"When Ancient Man woke up he said,
'What is Wild Dog doing here?'
And Ancient Woman said,
'His name is not Wild Dog any more,
but First Friend,
because he will be our friend,
for always and always and always.'"
A doomed Antarctic Expedition
Man Leaves His Best Friend Behind
Can Eight Brave Canines Now Survive
In a Frigid Environment Not at All Kind
What can they possibly find to live on
Which will emerge as leader of the pack
Can they ever possibly trust mankind again
Will their former human master ever be back
To Me the Stars of this new Disney Movie
Are These Eight Canines and the Antarctic Scenery
Not Much Dialogue is Needed When Nature and Animals Star
And I Think This is a Movie Every Nature and Animal Lover Should See
Eight Below is the new Disney film about a team of eight loyal sled dogs left behind to fend for themselves in the extremely brutal Antarctic winter when their master and a visiting scientist must be evacuated from their research station before the arrival of an epic winter storm.
It’s a movie inspired by a real life 1957 doomed Japanese Antarctic expedition which did leave their dogs behind, and which was made into a 1983 Japanese movie called Nakyoku Monogatan (Antarctica).
The original 1983 movie was quite graphic in its portrayal of the extremely tragic plight of these loyal left behind canines, now forced to scavenge for their lives, in the most inhospitable environment on our planet.
In this new Disney version, let’s just say the film has been made a lot more ‘child friendly.’ And the true Antarctic winter in reality is almost completely pitch black twenty four hours a day, whereas most of this movie was filmed in bright sunlight.
But I guess Disney wanted to make a movie that everyone in the family could see and enjoy, and discuss afterwards; and in this regard, I believe they have succeeded.
I think this is a beneficial film for people of all ages since it highlights the ingenuity of animals, their compassion and loyalty to each other, and what our forlorn pets are often forced to endure when we abandon them.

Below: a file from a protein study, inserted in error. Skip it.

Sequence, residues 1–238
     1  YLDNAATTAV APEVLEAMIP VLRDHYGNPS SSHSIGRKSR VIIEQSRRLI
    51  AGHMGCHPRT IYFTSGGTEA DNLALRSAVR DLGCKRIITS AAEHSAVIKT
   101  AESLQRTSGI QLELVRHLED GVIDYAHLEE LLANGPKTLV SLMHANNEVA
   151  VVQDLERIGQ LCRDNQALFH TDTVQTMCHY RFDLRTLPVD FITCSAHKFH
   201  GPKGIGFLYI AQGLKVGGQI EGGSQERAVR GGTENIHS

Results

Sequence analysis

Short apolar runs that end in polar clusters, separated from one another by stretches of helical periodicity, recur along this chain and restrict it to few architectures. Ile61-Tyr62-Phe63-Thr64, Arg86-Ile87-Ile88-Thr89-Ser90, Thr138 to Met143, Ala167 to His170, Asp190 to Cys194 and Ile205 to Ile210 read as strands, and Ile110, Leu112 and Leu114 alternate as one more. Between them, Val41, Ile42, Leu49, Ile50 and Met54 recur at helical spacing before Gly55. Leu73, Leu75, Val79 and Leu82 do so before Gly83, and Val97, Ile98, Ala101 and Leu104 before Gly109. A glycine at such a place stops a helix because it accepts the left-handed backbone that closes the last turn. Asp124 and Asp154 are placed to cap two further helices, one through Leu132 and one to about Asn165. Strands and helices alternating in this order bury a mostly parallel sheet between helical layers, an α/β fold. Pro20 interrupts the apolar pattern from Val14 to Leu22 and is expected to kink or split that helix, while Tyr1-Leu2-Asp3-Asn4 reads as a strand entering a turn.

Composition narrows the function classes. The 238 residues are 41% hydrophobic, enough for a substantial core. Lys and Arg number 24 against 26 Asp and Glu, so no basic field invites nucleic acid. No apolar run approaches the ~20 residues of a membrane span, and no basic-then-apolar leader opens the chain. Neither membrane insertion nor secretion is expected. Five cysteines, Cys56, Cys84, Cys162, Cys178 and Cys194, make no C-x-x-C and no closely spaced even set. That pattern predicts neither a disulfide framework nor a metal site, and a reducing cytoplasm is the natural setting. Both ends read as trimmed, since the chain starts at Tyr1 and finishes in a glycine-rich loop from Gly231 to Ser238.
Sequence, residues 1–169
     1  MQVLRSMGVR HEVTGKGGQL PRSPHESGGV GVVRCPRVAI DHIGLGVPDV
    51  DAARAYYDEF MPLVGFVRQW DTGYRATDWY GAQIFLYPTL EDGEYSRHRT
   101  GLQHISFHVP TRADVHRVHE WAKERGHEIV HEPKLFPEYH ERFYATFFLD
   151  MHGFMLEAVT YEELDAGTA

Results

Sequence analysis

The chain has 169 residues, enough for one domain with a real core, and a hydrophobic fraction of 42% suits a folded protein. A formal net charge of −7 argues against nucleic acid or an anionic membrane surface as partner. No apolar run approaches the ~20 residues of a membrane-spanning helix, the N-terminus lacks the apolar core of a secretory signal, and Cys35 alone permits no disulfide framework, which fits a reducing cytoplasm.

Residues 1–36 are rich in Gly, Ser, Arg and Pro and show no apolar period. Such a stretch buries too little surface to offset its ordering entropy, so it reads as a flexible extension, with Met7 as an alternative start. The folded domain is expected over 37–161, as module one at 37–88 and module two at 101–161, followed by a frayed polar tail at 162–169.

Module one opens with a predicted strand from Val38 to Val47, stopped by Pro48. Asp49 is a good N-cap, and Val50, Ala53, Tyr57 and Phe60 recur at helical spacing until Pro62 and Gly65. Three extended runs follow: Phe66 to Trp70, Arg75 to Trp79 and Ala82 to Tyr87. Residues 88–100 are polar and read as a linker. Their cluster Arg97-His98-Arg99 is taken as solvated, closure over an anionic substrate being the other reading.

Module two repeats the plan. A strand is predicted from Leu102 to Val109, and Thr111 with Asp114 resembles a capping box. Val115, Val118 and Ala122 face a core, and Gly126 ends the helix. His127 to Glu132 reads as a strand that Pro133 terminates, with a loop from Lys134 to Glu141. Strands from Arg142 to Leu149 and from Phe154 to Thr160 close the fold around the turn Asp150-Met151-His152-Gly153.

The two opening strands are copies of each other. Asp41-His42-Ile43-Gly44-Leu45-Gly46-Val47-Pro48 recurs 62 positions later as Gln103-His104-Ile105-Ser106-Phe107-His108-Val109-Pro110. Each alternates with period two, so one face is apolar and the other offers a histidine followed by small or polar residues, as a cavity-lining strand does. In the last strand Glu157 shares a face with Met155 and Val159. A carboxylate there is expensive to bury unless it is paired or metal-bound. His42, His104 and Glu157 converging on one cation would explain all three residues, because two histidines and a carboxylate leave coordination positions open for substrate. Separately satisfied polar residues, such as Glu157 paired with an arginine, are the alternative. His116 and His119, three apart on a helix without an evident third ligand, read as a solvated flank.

Hundreds of dogs ‘auditioned’ for these eight movie slots – six Siberian Huskies and two Alaskan Malamutes – and I think the dogs in this movie are truly the stars, each with a truly unique and vibrant personality.
Native to Siberia, the Husky had been used for centuries by the Chukchi people in Siberia to pull sleds, herd reindeer, and perform watchdog functions.
The Alaskan Malamute is a Nordic dog, descended from the Arctic wolf. Its name comes from Mahlemuits, an Alaskan Native American tribe that raised and cared for these beautiful dogs over 2,000 years ago. These canines were their only form of transportation and were highly valued by them.
I got to know several ‘left behind’ Huskies and Malamutes in our pet rescue efforts after Hurricane Katrina, and these two breeds are remarkably hardy and extremely intelligent .
This is also a movie definitely worth seeing on the Big Screen, to fully appreciate and take in the extremely foreign and inhospitable Antarctic landscape.
AD Author Leland Waldrip recently reviewed Eight Below in the AD Articles Section. Check out what he had to say about this film.
And I recently posted my review of another Nature film – Grizzly Man, The Documentary, in the Articles Section. If you’re as concerned as I am about the extremely sad plight of earth’s wild animals in our modern world today, in my opinion, this is a ‘must see’ movie as well.
©2006, Ed Kostro